PLoS One. 2016 Mar 17;11(3):e0151428. doi: 10.1371/journal.pone.0151428. eCollection 2016.

The Relevance of a Novel Quantitative Assay to Detect up to 40 Major Streptococcus pneumoniaeSerotypes Directly in Clinical Nasopharyngeal and Blood Specimens.

Messaoudi M1, Milenkov M1, Albrich WC2,3, van der Linden MP4, Bénet T5, Chou M6, Sylla M7, Barreto Costa P8, Richard N9, Klugman KP3,10,Endtz HP1,11, Paranhos-Baccalà G1, Telles JN1.

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Abstract

For epidemiological and surveillance purposes, it is relevant to monitor the distribution and dynamics of Streptococcus pneumoniaeserotypes. Conventional serotyping methods do not provide rapid or quantitative information on serotype loads. Quantitative serotyping may enable prediction of the invasiveness of a specific serotype compared to other serotypes carried. Here, we describe a novel, rapid multiplex real-time PCR assay for identification and quantification of the 40 most prevalent pneumococcal serotypes and the assay impacts in pneumonia specimens from emerging and developing countries. Eleven multiplex PCR to detect 40 serotypes or serogroups were optimized. Quantification was enabled by reference to standard dilutions of known bacterial load. Performance of the assay was evaluated to specifically type and quantify S. pneumoniae in nasopharyngeal and blood samples from adult and pediatric patients hospitalized with pneumonia (n = 664) from five different countries. Serogroup 6 was widely represented in nasopharyngeal specimens from all five cohorts. The most frequent serotypes in the French, South African, and Brazilian cohorts were 1 and 7A/F, 3 and 19F, and 14, respectively. When both samples were available, the serotype in blood was always present as carriage with other serotypes in the nasopharynx. Moreover, the ability of a serotype to invade the bloodstream may be linked to its nasopharyngeal load. The mean nasopharyngeal concentration of the serotypes that moved to the blood was 3 log-fold higher than the ones only found in the nasopharynx. This novel, rapid, quantitative assay may potentially predict some of the S. pneumoniae serotypes invasiveness and assessment of pneumococcal serotype distribution.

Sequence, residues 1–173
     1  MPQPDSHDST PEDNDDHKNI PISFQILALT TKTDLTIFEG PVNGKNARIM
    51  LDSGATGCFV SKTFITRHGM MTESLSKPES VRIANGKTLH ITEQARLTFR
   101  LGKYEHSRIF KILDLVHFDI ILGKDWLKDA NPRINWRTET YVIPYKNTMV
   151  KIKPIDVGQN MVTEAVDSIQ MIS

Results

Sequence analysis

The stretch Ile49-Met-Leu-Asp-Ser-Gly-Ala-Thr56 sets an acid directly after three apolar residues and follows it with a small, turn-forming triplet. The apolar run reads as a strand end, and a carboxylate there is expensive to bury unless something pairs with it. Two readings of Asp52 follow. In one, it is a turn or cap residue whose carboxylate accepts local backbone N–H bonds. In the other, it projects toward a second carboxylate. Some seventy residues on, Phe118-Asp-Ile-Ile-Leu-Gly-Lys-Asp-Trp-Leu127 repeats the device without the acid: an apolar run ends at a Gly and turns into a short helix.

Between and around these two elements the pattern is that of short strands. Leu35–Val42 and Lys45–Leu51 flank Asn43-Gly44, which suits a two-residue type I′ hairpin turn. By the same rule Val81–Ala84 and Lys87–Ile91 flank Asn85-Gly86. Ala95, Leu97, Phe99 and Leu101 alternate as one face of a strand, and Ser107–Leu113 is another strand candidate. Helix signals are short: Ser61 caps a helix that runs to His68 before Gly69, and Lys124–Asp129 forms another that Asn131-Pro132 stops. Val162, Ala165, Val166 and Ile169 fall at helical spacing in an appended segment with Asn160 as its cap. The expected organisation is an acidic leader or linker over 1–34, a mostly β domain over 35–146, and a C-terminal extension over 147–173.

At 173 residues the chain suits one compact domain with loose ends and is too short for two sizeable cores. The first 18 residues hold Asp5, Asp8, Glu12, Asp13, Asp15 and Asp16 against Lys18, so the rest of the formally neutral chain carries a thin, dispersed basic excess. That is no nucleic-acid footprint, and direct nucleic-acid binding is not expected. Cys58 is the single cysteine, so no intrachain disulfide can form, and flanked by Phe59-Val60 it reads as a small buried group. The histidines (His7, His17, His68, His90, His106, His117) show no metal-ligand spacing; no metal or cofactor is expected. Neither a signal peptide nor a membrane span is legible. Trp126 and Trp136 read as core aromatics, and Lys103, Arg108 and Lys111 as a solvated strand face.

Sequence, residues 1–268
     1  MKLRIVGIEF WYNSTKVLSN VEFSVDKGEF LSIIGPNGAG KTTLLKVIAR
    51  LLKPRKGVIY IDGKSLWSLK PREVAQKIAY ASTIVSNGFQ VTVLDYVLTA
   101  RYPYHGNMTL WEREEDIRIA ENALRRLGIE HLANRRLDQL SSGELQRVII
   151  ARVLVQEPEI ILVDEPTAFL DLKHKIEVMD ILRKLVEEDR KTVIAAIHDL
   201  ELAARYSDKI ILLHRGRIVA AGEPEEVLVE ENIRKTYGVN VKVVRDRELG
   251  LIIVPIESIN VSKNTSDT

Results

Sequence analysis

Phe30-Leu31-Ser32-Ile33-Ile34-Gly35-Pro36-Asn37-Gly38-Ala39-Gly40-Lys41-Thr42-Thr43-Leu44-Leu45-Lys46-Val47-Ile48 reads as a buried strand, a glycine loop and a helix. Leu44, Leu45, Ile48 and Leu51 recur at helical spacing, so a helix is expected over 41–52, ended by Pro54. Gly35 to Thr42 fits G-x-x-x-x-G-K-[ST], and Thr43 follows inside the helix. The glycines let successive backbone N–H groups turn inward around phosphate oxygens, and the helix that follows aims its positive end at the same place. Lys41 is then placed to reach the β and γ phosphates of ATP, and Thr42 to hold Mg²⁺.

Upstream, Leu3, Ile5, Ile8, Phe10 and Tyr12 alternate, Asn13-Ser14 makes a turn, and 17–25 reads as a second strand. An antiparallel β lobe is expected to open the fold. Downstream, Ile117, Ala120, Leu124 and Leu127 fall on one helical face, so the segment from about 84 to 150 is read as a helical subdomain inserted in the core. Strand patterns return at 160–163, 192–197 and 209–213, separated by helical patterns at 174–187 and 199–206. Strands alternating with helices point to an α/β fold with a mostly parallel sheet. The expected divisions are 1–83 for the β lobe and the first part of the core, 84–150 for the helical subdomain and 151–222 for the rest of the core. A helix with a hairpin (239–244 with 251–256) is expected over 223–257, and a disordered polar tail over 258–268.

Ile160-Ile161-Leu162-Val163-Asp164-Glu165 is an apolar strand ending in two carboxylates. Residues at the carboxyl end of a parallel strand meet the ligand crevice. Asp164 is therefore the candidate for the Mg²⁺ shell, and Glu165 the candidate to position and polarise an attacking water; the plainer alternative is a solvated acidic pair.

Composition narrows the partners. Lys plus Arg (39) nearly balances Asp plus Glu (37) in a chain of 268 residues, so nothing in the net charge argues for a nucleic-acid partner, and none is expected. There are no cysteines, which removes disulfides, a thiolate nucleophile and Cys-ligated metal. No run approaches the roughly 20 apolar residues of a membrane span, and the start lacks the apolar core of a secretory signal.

PMID: 26986831 [PubMed - in process]